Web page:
Yesterday something crazy happened. I found my new go to answer for the “what do you do?” question. It’s taken me 42 years to come to the point where I can say it and yesterday in the company of strangers I said it for the first time with intent and purpose in the open air. And I am going to say it again because fuck it… I’m an artist.  As many of you know I have been a stay at home mom for the past five years and jobless since I lost my position as a manager of a print publishing company back when the crisis of 2008 took down many good people. I had to fire well over a dozen people that worked for me and that I personally hired and then myself. That. Was. Not. Fun. That loss put in motion a huge downward spiral for me that I have been slowly but steadily rising out from the ashes. Thanks to my husband, my kids and the fact I never stopped “making stuff” over these intense years of raising my children. But “I make stuff” or “I’m a stay at home mom” has never been exactly the way I have felt comfortable defining myself. In fact those answers for better or worse have kind of sucked balls in my mind. Totally not judging anyone that uses those answers but I didn’t realize until yesterday how much they really don’t all define who I am. “Country Manager” never quite cut it either. In fact they all kind of hurt in their own way to say…or even just to think to myself, which is more often the case as I never go out and hardly ever get asked what I do because thank God I live in a place where for the most part nobody really cares. Love you Italy.

But yesterday I made a decision. Walking my way through the rain and thundershowers of a Florence afternoon I asked myself that question that I knew would come up at my first attendance of the Firenze Drawing Club. “What do you do?” Fuck “house wife”, fuck “maker of things”. Those things are me certainly and with gratitude but not all of me. “I’m an artist” I thought and that is what I am going to say. After 42 years I can say it.  I have studied fashion design and painting, have had hands dusty with pastels and charcoal and dirt, I have glazed and fired and made things explode and made things come to life and made big mistakes and made ugly things and pretty things, and pretty things and really, really ugly things that are almost pretty …but they aren’t. I have taught myself to metal smith, and make dresses and beaded the tiniest beads until my eyes bleed, I have written stories and poems and water colored over them around them and for them and then lost them all into puddles of mushy paper. And there is so much more, so much more that doesn’t even matter. But it does matter.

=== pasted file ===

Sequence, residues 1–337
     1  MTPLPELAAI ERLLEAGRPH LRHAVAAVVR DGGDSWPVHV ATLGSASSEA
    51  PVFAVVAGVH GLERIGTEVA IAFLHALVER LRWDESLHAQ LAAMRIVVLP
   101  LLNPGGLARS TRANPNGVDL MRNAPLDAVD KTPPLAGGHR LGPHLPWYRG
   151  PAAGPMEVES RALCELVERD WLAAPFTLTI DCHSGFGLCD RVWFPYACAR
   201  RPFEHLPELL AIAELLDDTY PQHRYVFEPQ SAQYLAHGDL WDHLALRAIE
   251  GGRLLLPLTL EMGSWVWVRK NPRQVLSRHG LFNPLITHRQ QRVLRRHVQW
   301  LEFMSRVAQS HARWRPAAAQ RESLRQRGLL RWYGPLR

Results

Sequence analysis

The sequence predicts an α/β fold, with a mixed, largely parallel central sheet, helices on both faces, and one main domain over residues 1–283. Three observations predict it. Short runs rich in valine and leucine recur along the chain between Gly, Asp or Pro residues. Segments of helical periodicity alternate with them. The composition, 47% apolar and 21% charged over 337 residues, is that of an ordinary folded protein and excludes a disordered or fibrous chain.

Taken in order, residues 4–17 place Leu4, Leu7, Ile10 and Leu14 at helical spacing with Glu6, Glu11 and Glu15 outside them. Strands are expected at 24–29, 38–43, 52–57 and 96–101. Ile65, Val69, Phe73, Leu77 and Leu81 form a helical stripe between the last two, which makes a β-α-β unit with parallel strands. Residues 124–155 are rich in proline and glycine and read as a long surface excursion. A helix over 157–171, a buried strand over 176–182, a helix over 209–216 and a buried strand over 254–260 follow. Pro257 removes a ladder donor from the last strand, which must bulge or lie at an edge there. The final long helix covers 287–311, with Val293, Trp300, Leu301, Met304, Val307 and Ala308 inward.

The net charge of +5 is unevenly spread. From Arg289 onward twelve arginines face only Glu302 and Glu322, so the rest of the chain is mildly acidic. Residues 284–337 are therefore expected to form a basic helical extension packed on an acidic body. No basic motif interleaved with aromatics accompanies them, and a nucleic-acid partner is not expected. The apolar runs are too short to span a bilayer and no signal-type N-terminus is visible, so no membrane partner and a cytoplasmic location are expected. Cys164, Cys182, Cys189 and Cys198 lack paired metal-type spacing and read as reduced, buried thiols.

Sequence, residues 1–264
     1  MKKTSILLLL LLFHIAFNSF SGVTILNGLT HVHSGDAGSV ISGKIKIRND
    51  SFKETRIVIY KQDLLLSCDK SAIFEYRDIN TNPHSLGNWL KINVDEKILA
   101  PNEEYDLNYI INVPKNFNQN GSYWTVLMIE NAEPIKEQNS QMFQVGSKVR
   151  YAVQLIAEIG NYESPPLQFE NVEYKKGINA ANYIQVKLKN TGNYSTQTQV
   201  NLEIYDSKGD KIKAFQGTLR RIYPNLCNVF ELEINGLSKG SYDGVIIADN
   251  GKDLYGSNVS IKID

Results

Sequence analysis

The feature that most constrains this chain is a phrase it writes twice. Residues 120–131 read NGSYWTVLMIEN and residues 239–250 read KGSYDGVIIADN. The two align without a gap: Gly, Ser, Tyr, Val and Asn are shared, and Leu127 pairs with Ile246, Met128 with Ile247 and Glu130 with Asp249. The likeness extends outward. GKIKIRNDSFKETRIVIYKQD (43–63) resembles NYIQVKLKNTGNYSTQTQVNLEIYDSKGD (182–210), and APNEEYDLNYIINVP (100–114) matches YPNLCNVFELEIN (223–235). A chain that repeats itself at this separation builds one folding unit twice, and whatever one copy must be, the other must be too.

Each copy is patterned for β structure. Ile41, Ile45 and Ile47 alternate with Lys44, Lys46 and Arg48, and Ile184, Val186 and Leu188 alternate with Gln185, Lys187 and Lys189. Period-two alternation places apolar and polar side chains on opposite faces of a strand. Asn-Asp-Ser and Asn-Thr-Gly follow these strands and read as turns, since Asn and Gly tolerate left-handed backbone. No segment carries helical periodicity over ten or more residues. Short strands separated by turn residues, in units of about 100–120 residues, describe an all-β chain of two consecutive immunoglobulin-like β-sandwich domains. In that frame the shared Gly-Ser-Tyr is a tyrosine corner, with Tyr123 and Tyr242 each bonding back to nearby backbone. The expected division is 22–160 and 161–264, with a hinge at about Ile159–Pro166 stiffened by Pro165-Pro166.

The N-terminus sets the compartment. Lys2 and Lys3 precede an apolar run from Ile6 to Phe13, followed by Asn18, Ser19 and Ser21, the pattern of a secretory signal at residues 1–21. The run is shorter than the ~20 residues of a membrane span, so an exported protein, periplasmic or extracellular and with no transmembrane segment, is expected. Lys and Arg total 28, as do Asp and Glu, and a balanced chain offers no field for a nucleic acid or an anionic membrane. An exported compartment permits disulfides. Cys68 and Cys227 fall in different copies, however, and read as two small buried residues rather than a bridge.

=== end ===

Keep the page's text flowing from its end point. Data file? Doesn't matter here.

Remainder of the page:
Do I have an art Degree? No. Do I have a portfolio? Not really. Have I shown in a gallery? No again. Does that matter to me now at 42? I will say no again for the fourth time. Do I have my doubts of being a “true” or “real” artist? Yes, every day for 42 years plus one day and counting. I know those doubts are going to be here for a while…maybe forever, but they better get used to me telling them to go fuck themselves.

So yesterday, finally, on my 42nd birthday I found this tiny rabbit hole of a door and went through it. Wisteria blossoms brown and purple grey battered to the ground under my feet. There was a secret garden just below the studio where we were to meet. And this walled over grown paradise was dripping, glowing and glorious from the rain…bird song and green, green, green, just everywhere green and wet and dripping at the golden hour. I climb the tiny zig zag concrete steps up to the studio, a voice calling me up. Inside I see how the space was once an old green house and when I say old I mean Michelangelo old. A long marble table flanks the window, orchids in simple pots rest in place as they always have. Rain tip taps the glass ceiling and soft floral scents. And yes artists sitting around a wooden table drinking wine and tea and bubbly with sweet kind faces. I put down my heavy bag and took my seat.

Photo courtesy Trinity Mitchell, Firenze Drawing Club

Photo courtesy Trinity Mitchell, Firenze Drawing Club